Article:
The external urethral sphincter emerges on the ischiopubic ramus and also via the opposite side enters within the intermeshing muscle fibers. It is controlled through the deep perineal section of the pudendal nerve, where action within the nerve fibers contracts the urethra.
When around 500 ml of the urinary bladder volume is achieved, the pressure at this volume makes the internal sphincter to open up. Urine will go into the urethra now. Another sphincter is located around 2 cm distal within the urethra. This is referred to as the external urethral sphincter. This sphincter is comprised of skeletal muscle and as a result is subject to voluntary control. Till the suitable time comes, the control of this sphincter keeps the urine from leaving the urethra. The urinary bladder goes on to fill up and expand if it’s not emptied yet. The impulse to empty keeps getting stronger. Whenever the urinary bladder fills up to around 800 ml, now even for the external urethral sphincter the pressure is too immense. Regardless if it is the suitable time or not this sphincter is going to open now.
Storage is enhanced through bladder afferent activation of the Onuf’s nucleus, which improves the tone of the external urethral sphincter through the somatic pudendal nerve. The pontine storage center, within the lateral pons, similarly activates the Onuf’s nucleus along with the pudendal nerve output towards the external urethral sphincter. At the same time, acquiring input through pelvic afferents, the hypogastric nerve (sympathetic), when activating the internal urethral sphincter (bladder neck) suppresses the detrusor muscle and bladder ganglia, which has strong interpretation of alpha-1 receptors.
Parasympathetic discharge via the pelvic nerve creates detrusor constriction and suppression of the internal sphincter (bladder neck), processes which help in emptying. The pontine micturition centre, which activates parasympathetic motor or “efferent” fibers whose cell bodies reside in the somatic pudendal nerve moderates the emptying. Furthermore, impulses from the pontine micturition centre also prevent sympathetic output from the hypogastric nerve, causing relaxation of the bladder neck, an activity that also assists in emptying. Also, signals via the pontine micturition centre also restrict the motor output towards the pudendal nerve, resulting in relaxation of the striated urethral sphincter, furthermore helping with emptying.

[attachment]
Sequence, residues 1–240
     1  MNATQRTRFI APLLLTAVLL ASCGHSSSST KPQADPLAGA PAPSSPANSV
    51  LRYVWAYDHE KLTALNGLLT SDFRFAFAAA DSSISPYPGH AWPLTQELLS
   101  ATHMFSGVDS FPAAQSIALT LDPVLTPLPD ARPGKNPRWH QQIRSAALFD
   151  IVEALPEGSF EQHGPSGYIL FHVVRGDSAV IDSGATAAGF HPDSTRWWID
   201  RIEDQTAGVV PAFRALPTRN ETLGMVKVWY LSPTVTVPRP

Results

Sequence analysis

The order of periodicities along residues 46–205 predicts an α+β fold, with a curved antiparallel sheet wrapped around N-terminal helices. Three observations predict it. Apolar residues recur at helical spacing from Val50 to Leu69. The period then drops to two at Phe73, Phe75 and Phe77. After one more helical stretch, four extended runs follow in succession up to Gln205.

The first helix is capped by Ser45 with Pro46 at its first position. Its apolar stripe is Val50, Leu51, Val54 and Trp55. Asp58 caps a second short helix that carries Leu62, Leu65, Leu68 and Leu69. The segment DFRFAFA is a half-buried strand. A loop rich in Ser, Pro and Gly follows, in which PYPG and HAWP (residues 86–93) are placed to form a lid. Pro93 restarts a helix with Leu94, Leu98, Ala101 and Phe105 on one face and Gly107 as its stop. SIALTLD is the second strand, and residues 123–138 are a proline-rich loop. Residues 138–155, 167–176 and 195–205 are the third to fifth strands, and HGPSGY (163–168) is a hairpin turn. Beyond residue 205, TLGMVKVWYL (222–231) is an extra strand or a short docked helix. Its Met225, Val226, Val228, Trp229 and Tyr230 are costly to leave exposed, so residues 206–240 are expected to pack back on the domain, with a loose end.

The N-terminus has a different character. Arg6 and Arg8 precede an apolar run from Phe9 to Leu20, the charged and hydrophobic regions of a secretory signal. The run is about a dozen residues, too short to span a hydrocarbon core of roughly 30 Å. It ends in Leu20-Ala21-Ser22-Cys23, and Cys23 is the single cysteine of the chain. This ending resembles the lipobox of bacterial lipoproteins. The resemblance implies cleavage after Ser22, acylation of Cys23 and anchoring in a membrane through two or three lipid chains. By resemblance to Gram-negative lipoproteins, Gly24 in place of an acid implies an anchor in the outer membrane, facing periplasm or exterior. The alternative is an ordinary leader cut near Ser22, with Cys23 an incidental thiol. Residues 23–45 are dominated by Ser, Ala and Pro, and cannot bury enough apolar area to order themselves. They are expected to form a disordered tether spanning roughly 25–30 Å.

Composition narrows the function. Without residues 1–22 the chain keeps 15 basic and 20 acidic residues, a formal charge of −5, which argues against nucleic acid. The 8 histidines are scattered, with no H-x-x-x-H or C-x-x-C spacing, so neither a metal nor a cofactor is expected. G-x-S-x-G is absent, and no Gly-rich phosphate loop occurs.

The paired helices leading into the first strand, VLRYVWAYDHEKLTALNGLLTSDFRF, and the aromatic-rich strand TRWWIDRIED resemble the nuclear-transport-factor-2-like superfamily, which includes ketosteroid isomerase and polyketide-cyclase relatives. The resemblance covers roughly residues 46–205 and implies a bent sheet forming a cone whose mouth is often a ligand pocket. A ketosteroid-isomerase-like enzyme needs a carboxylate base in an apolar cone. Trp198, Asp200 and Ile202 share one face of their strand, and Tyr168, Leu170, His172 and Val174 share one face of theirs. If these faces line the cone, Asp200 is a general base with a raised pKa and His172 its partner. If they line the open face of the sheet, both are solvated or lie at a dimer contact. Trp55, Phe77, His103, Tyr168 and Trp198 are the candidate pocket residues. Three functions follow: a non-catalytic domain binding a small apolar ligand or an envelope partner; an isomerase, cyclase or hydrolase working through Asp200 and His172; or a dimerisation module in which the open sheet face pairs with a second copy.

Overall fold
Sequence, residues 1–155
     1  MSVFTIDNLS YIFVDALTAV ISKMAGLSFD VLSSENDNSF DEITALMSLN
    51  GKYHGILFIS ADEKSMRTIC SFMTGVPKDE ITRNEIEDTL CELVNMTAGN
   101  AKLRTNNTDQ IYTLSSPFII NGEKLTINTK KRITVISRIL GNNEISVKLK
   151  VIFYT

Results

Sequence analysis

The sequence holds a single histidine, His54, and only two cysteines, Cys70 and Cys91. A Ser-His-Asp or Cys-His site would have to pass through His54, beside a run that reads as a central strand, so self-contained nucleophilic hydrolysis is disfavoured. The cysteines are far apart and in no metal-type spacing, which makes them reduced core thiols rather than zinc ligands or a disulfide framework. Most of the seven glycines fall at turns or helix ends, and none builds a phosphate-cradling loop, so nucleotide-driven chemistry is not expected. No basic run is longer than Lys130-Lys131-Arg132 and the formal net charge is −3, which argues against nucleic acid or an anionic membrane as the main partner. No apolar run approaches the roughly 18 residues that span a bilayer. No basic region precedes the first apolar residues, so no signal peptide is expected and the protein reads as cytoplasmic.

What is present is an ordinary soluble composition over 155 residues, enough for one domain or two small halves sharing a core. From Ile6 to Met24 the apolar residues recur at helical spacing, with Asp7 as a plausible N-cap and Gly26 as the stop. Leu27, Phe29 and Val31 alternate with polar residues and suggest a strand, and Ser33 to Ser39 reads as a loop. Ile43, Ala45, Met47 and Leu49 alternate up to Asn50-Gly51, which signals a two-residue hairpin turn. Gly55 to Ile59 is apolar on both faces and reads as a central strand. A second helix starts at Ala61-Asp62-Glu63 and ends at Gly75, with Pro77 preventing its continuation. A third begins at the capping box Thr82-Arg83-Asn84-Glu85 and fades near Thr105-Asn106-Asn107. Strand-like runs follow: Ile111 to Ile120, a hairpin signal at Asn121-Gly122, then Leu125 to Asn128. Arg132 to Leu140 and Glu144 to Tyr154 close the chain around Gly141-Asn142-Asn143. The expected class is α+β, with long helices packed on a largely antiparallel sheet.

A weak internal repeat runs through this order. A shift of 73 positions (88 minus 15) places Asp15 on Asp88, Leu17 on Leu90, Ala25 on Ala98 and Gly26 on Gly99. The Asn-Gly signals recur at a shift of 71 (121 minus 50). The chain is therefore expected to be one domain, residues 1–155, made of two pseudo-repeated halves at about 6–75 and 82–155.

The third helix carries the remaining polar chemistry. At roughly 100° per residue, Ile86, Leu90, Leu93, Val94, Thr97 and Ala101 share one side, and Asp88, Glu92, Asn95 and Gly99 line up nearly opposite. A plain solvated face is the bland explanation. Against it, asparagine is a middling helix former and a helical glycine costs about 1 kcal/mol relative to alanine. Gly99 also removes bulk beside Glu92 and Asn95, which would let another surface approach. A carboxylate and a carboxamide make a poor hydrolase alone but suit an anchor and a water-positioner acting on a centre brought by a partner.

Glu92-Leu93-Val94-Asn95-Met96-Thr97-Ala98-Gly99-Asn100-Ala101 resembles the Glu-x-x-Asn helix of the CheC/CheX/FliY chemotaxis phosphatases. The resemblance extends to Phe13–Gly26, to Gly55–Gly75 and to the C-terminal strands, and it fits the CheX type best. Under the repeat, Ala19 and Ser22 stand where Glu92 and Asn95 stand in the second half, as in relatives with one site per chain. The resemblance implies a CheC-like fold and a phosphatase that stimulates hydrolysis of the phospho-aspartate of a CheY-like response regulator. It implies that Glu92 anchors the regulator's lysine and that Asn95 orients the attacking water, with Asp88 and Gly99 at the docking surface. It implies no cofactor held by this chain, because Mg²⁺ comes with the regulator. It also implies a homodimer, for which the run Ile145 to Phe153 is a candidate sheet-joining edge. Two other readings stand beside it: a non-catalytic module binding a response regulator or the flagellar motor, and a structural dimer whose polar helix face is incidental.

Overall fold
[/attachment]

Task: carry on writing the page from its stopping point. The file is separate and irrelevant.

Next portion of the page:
Variations in Sexes
Women compared to males, have a more elaborate external sphincter muscle as it is comprised of three components: the sphincter urethrae, urethrovaginal muscle, along with the compressor urethrae. The urethrovaginal muscle fibers envelop all around the vagina and urethra and constriction causes contraction of both of the vagina as well as the urethra. The beginning of the compressor urethrae muscle is the right and left inferior pubic ramus and also it encloses anteriorly over the urethra so whenever it constricts, it compresses the urethra in opposition to the vagina. The external urethrae like in males, covers around the urethra. Congenital defects of the female urethra may be surgically restored by vaginoplasty. Anteriorly, a group of muscle fibers cover the urethra and together create the external urethral sphincter. It covers the membranous portion of the urethra within male, and the urethra and vagina within female. Its superficial fibers emerge via the transverse perineal ligament and move backwards on each side of the urethra in order to be attached within the perineal body. Its deep fibers emerge through the inner sides of the ischiopubic rami and travel horizontally in order to encircle the urethra. The sphincter urethrae muscle creates the voluntary external urethral sphincter.
In males as well as females, both internal together with external urethral sphincters serve to suppress the release of urine. In males, the internal sphincter muscle of urethra functions to reduce reflux of spermatic fluids within the male bladder at the time of ejaculation.
Deep branch of Perineal Nerve.